The first day was dedicated to the High Level Corporate Dialogue under the theme “Delhi to Paris: Corporate Vision on Climate Change”. The main summit “Sustainable Development Goals and Dealing with Climate Change” took place during the three next days, with various plenary sessions, thematic tracks, keynote addresses and other contents.

An extremely rich programme thus! We kept our followers updated on the conference’s progress on our Facebook and Twitter pages during this special week and are in progress of preparing a complete feedback of the experience. In the meantime, here are some comments, outcomes and pictures we are willing to share.

DSDS 15 took place in the framework of the negotiations for the next United Nations Climate Change Conference (COP 21) that will be held in Paris in December 2015 and of the current process of defining the Sustainable Development Goals (SDGs) and a set of targets relating to future international development.


High-level governments’ representatives from all over the world expressed their commitment and willing to reach a serious international agreement on climate change coupled with a strong and fair financial mechanism. The role of businesses and the question of green economy were also widely discussed with major corporates representatives and CEOs. Finally, the tiered role of developed and developing countries and positioning towards the future strategies was debated.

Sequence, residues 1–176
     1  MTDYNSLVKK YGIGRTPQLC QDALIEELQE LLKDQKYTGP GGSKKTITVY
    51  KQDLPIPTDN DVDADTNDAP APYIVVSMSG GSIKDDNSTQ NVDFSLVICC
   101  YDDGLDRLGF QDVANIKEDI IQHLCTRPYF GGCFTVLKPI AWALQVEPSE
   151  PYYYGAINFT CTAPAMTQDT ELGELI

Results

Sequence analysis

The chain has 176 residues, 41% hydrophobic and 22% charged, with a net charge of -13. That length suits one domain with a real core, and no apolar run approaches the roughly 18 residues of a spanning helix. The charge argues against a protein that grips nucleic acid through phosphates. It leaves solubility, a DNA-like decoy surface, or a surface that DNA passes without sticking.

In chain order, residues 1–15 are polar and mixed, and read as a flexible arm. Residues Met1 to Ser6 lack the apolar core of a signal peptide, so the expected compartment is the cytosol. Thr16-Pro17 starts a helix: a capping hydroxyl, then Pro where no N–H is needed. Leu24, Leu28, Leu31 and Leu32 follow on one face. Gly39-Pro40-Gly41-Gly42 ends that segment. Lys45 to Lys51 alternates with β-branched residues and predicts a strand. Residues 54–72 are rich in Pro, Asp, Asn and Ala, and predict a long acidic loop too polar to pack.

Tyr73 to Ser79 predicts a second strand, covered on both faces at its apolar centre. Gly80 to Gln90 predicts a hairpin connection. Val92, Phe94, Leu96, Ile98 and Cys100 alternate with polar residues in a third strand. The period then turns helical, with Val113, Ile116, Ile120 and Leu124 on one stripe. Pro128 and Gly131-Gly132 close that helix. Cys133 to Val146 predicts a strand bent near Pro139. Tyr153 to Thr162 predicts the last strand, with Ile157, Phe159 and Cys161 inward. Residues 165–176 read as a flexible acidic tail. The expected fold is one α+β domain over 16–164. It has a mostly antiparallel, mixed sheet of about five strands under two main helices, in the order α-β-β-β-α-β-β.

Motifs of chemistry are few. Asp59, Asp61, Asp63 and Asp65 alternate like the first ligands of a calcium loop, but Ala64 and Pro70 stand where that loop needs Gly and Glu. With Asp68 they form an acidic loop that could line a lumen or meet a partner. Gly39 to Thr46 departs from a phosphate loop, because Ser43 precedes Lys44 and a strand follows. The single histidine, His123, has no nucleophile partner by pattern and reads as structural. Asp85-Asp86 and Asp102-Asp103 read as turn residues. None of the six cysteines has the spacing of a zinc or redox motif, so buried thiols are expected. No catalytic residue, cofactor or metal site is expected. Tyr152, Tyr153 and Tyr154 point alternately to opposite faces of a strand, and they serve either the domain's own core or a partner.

The DSDS was also an important moment to remind India’s role on the regional and international scene on major issues like climate change and sustainable development.

We will come back with more detailed information soon and keep an eye on further progress on these crucial issues.

Please visit our Flickr page to see our entire DSDS photo album.

And our India E4S BROCHURE here.


Muslims vs Free Speech

Written by Anam Gill on . Posted in Anam's blog: Global issues, E-Magazine, General Information, News, Publications, Regions, Take Action

The recent attack on the French satirical paper Charlie Hebdo by gunmen who are understood to be Muslim extremists did remind me of the publication of cartoons in a Danish newspaper years ago. Violent protests erupted over a series of cartoons which satirized Prophet Mohammad in Denmark. Moreover I was reminded of the murder of Theo Van Gogh who directed a provocative film that talked about women in Islam.

Not to forget in Pakistan we are having a YouTube ban after the release of a film, Innocence of Muslims. The ban is in place since September 2012 and apparently the chances of it being lifted are slim.

I hold the right to freedom of expression very dear and this debate that has been going on for years regarding Muslims versus free speech has always fascinated me. I am somehow shocked to know that people are being killed in the struggle to protect freedom of speech. People are murdered for what? Cartoons!

No wonder I still prefer Captain Planet, a cartoon series in my childhood that talked about saving the planet. A message that did create awareness and let’s not forget didn’t harm anyone.

In an open democratic society freedom of speech is the bedrock but in my opinion it should not include the right to offend. Today we live in a pluralistic society where we face many grave problems already, be it politicization of religion, terrorism and marginalization to name a few. Yes we do live in a multi-cultural society and have diversity hence we need greater limits on free speech. Freedom of speech does not mean the right to offend the sensibilities of others for the sake of enjoying greater power.

When free speech is used merely as a provocation that does not support dialogue or debate as it should then it definitely raises few questions. Is it about opening up a debate or attacking a minority community?